With all its scenic charm, Wrigley field will present an ample playing area, with a gain of 32 feet over the former park on the right foul line and a loss of only six feet on the left line. The only big slice is out of dead center, where balls have seldom gone more than 400 feet under the old setup.

One of the purposes of the new bleachers at Wrigley field is to give the bargain seeking fans a larger number of seats and more comfortable seats. But, if the truth were known, the desire for scenic distinction probably was more of an incentive than the desire to spring the capacity of the field.

Mr. Wrigley conceived the general idea of the beautification plan. Then he told Bill Veeck Jr. of the Cub office staff to start negotiations with architects and designers. Young Bill shopped among several, and finally got things going between the firm of Holabird & Root and Mr. Wrigley.

"Young Bill", of course, is the Bill Veeck who later became White Sox owner -- at the time, he was just 23 years old. Not only did he have a significant connection to the Cubs -- his father was team president -- but he is responsible for planting the ivy on the outfield wall. Not only was it his idea, but he personally planted some of it. In his later years, after he sold the White Sox to their current owners in 1981, he spent many afternoons, shirtless in warm weather, in the Wrigley bleachers until his death in 1986.

Anyway, Burns had more to say about the brand-new Wrigley bleachers:

Bittersweet is now climbing the the new buff brick circular wall, and in time Boston ivy will thicken the foliage. Chinese elms, among the most decorative of trees, are to tower from each of the eight terraced stepups of the wall leading to the great new scoreboard. The scoreboard itself, incidentally, will embody new magnetic principles never before employed in a scoreboard.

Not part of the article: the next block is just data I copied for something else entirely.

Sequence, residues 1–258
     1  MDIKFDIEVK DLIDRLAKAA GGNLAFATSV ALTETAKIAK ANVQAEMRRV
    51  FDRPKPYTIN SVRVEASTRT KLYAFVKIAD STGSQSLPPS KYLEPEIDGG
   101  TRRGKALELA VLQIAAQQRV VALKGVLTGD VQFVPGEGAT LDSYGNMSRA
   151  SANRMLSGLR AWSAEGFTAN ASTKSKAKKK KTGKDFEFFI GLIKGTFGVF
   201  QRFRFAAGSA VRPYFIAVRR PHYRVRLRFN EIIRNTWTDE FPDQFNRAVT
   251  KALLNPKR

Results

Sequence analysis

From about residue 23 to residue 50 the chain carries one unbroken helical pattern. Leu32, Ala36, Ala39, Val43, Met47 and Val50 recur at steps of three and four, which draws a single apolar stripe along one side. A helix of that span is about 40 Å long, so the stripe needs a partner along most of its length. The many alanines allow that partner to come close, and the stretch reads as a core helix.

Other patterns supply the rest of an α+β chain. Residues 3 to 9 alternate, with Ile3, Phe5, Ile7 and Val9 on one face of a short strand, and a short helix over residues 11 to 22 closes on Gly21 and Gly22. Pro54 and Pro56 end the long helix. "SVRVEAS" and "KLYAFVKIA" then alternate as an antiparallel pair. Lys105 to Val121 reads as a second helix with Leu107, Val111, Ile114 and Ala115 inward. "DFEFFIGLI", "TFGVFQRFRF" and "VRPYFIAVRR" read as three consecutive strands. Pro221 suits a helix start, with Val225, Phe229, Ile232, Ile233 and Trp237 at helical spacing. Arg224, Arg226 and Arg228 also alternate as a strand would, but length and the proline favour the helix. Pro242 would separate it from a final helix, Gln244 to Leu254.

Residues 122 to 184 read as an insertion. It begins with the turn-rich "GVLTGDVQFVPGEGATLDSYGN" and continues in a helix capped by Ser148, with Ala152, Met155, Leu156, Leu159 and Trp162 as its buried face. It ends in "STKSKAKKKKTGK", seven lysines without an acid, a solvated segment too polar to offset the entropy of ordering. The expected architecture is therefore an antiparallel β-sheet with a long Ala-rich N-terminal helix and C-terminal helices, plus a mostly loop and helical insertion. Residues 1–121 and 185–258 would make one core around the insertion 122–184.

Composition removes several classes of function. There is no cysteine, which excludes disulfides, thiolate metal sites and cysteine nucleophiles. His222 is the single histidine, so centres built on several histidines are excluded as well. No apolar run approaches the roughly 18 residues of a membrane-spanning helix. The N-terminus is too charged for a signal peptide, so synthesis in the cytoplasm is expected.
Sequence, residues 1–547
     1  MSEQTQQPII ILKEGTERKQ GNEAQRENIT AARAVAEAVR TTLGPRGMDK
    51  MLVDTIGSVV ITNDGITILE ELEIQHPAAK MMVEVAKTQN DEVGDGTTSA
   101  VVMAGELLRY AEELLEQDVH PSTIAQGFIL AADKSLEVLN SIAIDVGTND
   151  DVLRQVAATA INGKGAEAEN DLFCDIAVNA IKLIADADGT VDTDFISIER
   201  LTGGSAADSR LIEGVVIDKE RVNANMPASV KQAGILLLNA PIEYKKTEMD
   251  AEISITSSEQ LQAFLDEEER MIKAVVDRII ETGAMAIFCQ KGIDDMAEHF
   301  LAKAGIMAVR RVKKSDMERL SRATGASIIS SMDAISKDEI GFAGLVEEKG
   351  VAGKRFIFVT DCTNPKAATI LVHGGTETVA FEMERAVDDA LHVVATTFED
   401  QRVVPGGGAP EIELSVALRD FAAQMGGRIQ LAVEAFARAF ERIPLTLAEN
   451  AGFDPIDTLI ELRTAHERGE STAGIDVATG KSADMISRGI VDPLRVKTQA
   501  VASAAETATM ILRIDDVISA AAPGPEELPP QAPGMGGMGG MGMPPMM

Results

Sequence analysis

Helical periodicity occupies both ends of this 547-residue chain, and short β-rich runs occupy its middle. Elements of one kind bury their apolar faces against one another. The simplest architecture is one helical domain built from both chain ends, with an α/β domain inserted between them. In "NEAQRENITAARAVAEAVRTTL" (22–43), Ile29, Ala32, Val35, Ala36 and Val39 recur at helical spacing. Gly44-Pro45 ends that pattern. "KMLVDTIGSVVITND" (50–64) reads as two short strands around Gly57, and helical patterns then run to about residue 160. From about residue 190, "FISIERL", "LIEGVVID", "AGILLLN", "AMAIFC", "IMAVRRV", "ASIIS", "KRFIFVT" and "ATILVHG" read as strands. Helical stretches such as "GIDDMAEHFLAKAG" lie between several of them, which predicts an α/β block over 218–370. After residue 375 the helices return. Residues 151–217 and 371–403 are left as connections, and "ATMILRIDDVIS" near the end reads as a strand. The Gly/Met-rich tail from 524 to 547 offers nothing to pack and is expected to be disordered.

Those "magnetic principles" are the "eyelits" which show the batter's number, balls, strikes and outs. They are still operated by the original equipment installed in 1937, more than 75 years later. The Chinese elms are long gone; buffeted by winds off Lake Michigan, they lasted only about three years. The "terraced stepups" are still there, though.

The bleachers remained virtually unchanged for 68 years; the original wooden seats had fiberglass covers put on them in the 1980s, but otherwise the configuration remained the same until much of the seating structure was torn down and the new bleachers, with more seats, were constructed in the 2005-06 offseason.

The last day under the old configuration was the final home game of the 2005 season, a 3-2 loss to the Pirates on a miserable, rainy afternoon, Wednesday, September 28. Before we inhabited my current perch in the left-field corner, our group used to sit in right field. Here's a photo I took of our bench after that last game ended, which I thought summed up the day and the end of an era quite well (click to embiggen).